My fourth graders had very few problems identifying parallel lines at the start of our unit (Math in Focus, Chapter 9). Many of them could tell the difference between perpendicular lines and those that intersect at varying angles. However, when it came to drawing parallel and perpendicular lines using a ruler and a drawing triangle, they became surprisingly frustrated.
I wonder if part of the issue is lack of fine motor control. Although kids nowadays type better and have good hand eye coordination when it comes to mice and touch screen devices, I wonder how much they manipulate objects compared to when my generation was young. How many build legos or play in a sandbox? With standardized tests becoming more and more of a focus in schools, how much time to they spend cutting with scissors, gluing and more to the point, how often do they use a rulers to draw straight lines? Many of my students are still working on this skill!
So although they understood the idea of precision (our previous unit was all about using protractors to measure angles) they did not have a good grasp (literally) of how to hold a ruler and rotate a drawing triangle so that the edge aligns with the ruler.
We practiced perpendicular lines with overhead sheets. All 4 teams competed to have the straightest perpendicular line coming off of the 8 lines I drew. As a result, their perpendicular lines looked much better. So we dove into parallel lines the day before vacation.
Of course that didn't go well.
With ample time on my hands, over vacation I created a new activity. I developed a series of pages that have a triangle and ruler drawn in various positions. The directions remind students to trace the red line (against the ruler) first, and then place the triangle on the blue line(s) to trace after.
However, instead of laminating these task card style, I tried a different format. I gave each partnership a marker and a sheet protector. I demonstrated how to slide a paper in, position the tools to trace the lines, and then go to another spot to get a new paper repeat the tracing from a new angle. The order of pages did not matter! Once all the pages had been traced, the layers would combine to make a picture. The sheet protectors worked even better than transparency sheets because they can't slide around. Every page lined up perfectly once in the pocket.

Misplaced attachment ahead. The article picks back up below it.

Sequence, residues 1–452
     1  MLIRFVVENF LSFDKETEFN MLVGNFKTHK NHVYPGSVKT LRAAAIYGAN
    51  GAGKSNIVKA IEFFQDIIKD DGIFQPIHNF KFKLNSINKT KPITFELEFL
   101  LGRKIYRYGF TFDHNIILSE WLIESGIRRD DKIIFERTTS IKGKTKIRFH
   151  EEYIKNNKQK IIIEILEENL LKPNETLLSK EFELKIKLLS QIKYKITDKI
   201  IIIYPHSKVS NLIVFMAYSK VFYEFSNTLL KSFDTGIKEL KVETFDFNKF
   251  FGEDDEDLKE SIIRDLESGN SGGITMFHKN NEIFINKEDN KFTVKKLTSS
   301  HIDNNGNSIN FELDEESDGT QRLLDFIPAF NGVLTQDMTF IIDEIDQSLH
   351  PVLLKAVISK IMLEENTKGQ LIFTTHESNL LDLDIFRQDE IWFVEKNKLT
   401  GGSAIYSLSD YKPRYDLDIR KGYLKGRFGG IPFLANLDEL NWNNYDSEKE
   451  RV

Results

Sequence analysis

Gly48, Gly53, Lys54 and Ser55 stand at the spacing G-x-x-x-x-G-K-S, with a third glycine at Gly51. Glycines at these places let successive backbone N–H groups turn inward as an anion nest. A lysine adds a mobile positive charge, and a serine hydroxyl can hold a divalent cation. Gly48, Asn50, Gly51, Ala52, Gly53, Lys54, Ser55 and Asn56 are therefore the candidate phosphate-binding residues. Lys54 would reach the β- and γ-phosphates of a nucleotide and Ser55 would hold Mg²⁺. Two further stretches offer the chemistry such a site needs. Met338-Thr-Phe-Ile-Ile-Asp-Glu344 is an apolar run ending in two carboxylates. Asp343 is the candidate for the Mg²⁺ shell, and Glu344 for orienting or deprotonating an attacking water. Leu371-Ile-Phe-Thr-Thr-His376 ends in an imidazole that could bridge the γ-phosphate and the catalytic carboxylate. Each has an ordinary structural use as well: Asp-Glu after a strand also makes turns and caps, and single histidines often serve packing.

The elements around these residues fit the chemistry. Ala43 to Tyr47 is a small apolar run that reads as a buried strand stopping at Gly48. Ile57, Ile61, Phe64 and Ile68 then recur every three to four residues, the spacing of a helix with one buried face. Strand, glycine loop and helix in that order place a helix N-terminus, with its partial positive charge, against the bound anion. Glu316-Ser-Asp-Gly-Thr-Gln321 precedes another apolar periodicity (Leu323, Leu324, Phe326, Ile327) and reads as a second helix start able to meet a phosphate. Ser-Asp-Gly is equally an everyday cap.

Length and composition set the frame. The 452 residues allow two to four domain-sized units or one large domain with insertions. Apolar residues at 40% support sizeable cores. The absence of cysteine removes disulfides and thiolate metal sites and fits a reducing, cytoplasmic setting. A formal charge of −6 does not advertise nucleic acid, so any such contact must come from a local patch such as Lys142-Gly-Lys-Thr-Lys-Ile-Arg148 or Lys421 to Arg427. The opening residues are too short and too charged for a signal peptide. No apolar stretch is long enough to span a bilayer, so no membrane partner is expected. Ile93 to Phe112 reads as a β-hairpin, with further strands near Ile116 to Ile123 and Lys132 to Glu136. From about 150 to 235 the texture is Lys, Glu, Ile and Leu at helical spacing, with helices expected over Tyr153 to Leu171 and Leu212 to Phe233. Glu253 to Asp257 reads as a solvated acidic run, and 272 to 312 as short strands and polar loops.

The kids really enjoyed this activity! By working with a partner, they checked each other for accuracy. In the end, it was clear who had the gist of using the tools and who needs additional support and practice holding tools securely for accurate drawing. It was a fun first day back after a week off.
Although identifying parallel and perpendicular is nothing new to me, using these tools was added into our curriculum only a couple years ago. Do you have any tips for teaching how to use a drawing triangle to create parallel lines in math? If so, what grade do you teach?
I'm linking up with Meg over at The Teacher Studio for Love that Lesson, because the kids had a blast.
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